Again in the market, he beat people for purchasing red meat, which was considered a delicacy, two days in a row.[64] In addition, he beat Timem al-Darimi for performing the sunnah (recommended) prayers after the afternoon prayers.[65] He even beat the man who later became a popular transmitter of hadith, Abu Huraira. Many other incidents of Umar’s brutality have been reported by the companions, such as Bilal[66] and Abd al-Rahman b. Auf.[67] Even Umar himself knew he was too harsh and once prayed, “O my Lord, I am tough, so make me soft.”[68]

Unlike his predecessor Abu Bakr, Umar was known for his toughness, even sometimes, he was merciless.[69] Umar’s toughness caused many of the companions in Madinah to react against him. Openly, the Muslims could not retaliate against him, thus the people would aim their stones at him during the stoning of the symbolic Shaytan at the Hajj and cause him to bleed.[70]

In addition to using aggression, Umar b. al-Khattab also imprisoned many people during his caliphate. Al-Dhahabi relates that Umar detained three prominent companions: Abdullah b. Masud, Abu Dardah, and Abu Masud al-Ansari.[71] According to Abu Bakr b. al-Arabi, they were only released after Umar died.[72] Umar imprisoned these three because he feared they would spread certain hadith from the Prophet that threatened his rule.

Umar saw little value in the blood relationships between people and the Holy Prophet. When Safiyah, the aunt of the Prophet, whom the Prophet respected considerably lost her son, the Prophet consoled her by saying that Allah would build a house in Paradise for anyone who lost a child and was patient through the ordeal. After hearing this, Safiyah was comforted and the Prophet left her. Afterwards, Umar came and said to her, “Safiyah, I heard your cries, and your relationship to the Prophet will not help you on the Day of Judgment.” At that, she started crying again. The Prophet heard her cry again and said, “O my aunt, you are still crying and you heard what I said to you?” She replied, “No, O Messenger of Allah, what made me cry again was when Umar said to me that my relationship to the Prophet would not help me on the Day of Judgment.” Angered, the Prophet told Bilal to call for the prayer (adhan), and when the people assembled, he climbed the pulpit, praised Allah and asked, “What is wrong with the people that they claim that my relationship does not benefit them and is useless on the Day of Judgment? My relationship is binding in this world and in the Hereafter.”[73]

Umar is also recorded to have had a propensity towards music and wine (nabeeth[74]).[75] He habitually listened to and requested music to be played and he is said to have stayed awake until dawn to listen to singing (ghina).[76]

Since wine was initially discouraged rather than prohibited, some Muslims continued to drink between the Qur’anic revelations of c. 2:219 and c. 4:42 and Umar was one of those who drank between the revelations. Once while drunk, he fractured the head of Abd al-Rahman b. Auf and then sat poetically lamenting the mushrikeen who had been killed in the Battle of Badr. At that moment, Allah revealed the third verse that completely prohibited the drinking of alcohol (wine).[77] Having realized Allah’s commandment that there was no more permissibility for drinking, Umar cried out, “We stopped (intahayna), we stopped (intahayna).”[78] However, during his caliphate, Umar is recorded to have continued to ask for wine – once when he was traveling to Shaam (Syria);[79] and once when he was traveling to Mecca, he met a man named Abdullah b. Ayash al-Maszumi and sipped his wine before passing it on to the man on his right.[80] Other stories have also been recorded; however, the last known incident of him drinking alcohol was after doing his prayers just before he was killed.[81] However, some tend to explain these stories by saying that the wine that Umar drank after the time of jahilliyah was non-alcoholic.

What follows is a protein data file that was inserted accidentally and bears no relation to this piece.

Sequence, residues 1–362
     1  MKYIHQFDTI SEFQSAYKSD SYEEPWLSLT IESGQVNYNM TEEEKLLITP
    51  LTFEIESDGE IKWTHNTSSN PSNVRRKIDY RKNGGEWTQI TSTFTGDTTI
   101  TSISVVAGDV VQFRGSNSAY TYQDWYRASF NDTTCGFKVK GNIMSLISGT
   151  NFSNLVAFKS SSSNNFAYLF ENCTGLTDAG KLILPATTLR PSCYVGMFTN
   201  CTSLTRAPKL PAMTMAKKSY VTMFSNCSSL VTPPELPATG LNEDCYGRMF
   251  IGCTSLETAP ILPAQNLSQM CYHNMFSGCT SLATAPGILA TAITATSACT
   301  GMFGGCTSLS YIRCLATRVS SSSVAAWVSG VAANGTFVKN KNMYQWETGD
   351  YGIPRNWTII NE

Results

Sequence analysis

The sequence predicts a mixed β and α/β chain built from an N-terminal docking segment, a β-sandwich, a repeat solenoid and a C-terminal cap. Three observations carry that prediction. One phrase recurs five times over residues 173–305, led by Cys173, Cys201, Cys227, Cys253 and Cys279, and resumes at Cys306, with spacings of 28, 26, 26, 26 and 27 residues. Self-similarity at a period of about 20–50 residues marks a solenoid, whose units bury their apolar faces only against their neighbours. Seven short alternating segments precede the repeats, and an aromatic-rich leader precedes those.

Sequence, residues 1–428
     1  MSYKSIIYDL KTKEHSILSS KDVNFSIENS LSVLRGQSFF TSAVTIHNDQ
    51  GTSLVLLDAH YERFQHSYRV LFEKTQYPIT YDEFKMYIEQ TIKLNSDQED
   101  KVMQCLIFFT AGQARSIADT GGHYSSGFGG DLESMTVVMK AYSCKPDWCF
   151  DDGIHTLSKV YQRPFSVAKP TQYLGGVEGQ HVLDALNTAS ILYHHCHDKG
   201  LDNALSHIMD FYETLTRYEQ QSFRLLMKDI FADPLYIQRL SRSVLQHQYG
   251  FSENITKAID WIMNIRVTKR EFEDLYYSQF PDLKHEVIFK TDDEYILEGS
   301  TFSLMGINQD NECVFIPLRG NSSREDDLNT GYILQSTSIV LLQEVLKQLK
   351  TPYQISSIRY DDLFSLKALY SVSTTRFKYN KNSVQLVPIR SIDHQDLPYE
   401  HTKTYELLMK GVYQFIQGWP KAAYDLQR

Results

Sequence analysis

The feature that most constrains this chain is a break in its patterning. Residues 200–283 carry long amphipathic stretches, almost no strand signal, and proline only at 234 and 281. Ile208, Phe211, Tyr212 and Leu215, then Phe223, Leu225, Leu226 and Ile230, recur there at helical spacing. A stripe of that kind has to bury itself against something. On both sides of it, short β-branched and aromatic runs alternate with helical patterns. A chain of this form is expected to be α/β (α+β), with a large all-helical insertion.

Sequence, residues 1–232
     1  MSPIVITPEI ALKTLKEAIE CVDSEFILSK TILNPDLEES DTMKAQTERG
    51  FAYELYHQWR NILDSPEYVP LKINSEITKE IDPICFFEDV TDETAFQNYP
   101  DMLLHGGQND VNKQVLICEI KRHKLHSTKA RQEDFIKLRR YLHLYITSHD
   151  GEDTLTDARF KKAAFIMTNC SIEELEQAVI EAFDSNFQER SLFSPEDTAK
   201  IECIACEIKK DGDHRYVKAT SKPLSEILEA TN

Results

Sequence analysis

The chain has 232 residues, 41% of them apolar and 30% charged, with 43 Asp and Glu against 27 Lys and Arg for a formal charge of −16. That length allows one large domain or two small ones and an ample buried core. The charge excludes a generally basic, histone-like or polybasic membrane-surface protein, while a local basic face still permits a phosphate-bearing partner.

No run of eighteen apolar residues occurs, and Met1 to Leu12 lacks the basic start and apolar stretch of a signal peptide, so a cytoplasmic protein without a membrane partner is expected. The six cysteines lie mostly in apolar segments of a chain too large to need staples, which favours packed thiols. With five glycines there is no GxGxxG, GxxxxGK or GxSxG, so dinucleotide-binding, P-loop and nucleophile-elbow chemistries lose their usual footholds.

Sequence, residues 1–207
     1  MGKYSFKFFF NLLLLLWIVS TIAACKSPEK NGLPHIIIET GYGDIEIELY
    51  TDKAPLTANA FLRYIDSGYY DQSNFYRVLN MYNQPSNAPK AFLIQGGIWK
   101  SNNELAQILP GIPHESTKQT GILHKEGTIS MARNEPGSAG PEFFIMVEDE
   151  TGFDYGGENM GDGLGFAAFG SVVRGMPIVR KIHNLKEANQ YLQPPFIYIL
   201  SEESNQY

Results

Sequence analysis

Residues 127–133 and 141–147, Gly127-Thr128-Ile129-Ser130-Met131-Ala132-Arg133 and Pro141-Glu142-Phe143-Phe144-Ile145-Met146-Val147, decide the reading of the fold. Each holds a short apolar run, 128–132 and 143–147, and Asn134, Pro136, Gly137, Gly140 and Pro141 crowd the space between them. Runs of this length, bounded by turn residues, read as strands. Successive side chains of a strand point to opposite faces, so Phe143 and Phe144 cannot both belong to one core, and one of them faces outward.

[47] Tarikh al-Madinah al-Munawarah, 2:654
[48] Ibn al-Atheer, Usd al-Ghabah, 4:145
[49] Tarikh al-Tabari, 5:17
[50] Al-Aqad, Abqariyat Umar, p. 33
[51] Ibn Ishaq, Al-Serah al-Nabawiyah, 160; Ibn Asakir, Mukhtasar Tarikh Damashq, 18:271
[52] Ibn Asakir, Mukhtasar Tarikh Damashq, 18:269
[53] Al-Aqad, Abqariyat Umar, p. 33
[54] Sunan b. Majah, 1:693, Musnad Ahmad, 1:20
[55] Ibn al-Jawzi, Tarikh Umar b. al-Khattab, p.114; al-Shaykhan, p.189
[56] Al-Tabari, Tarikh al-Umam wal-Muluk, 5:17; Ibn Atheer, al-Kamil fil-Tarikh, 3:54
[57] Ibn Hajir, al-Isabah, 3:606; Ibn Sa’d, Tabaqat b. Sa´d, 3:208
[58] Ibn Abil Hadid, Sharh Nahjul-Balaghah, 3:111
[59] Musnad Ahmad b. Hanbal, 1:237; Mustadrak al-Hakim, 3:191
[60] Bab al-Tabasum, 4:63
[61] Tarikh al-Madinah Al-Munawarah, 2:686
[62] Tabaqat b. Sa’d, 5:60
[63] Umdat al-Qari, 7:143
[64] Al-Haythami, Majma al-Zawaid, 5:35
[65] Al-Haythami, Majma al-Zawaid; Sahih al-Muslim, 1:310; Musnad Ahmad b. Hanbal, 4:102
[66] Al-Suyuti, Tarikh al-Khulafa, p.130
[67] Ibn Abil Hadid, Sharh Nahjul-Balaghah, 1:55
[68] Tarikh al-Khamis, 2:241
[69] Tabaqat b. Sa’d, 5:60; Umdat al-Qari, 7:143; Sahih al-Muslim, 1:310; Musnad Ahmad, 4:102; Ibn al-Jawzi, Sirat Umar b. al-Khattab, p.174; Kanz al-Umal, 4:334
[70] Tabaqat b. Sa’d, 5:64
[71] Al-Dhahabi, Tadhkirat al-Huffaz, 1:2; Adwa ala Sunan Muhammadiyah, p.45
[72] Abu Bakr b. al-Arabi, Al-Awasim min al-Qawasim, p.75-76
[73] Al-Haythami, Majm al-Zawaid, 8:216
[74] Nabeeth is a form of wine.
[75] Al-Aqad, Abqariyat Umar, 61:265
[76] Sunan al-Kubra al-Bayhaqi, 5:69; Al-Muhalla, 9:62; Al Tabaqaat al-Kubraa, 4:163
[76] Holy Qur’an, 5:91; Ibn Sa’d, Al Tabaqaat al-Kubraa, 4:163
[77] Holy Qur’an, 5:91
[78] “Intahayna, intahayna;” Al-Mustadraf, 2:499-500; Jami al-Bayan, 2:211
[79] Tabaqat Ibn Sa’d, 3:230
[80] Muwatta Imam al-Malik, 2:894
[81] Sahih al-Bukhari; Tabaqat b. Sa´d, 3:257; Istiab of Ibn Abd al-Birr, 3:1154


When Power and Piety Collide by Sayed Moustafa al-Qazwini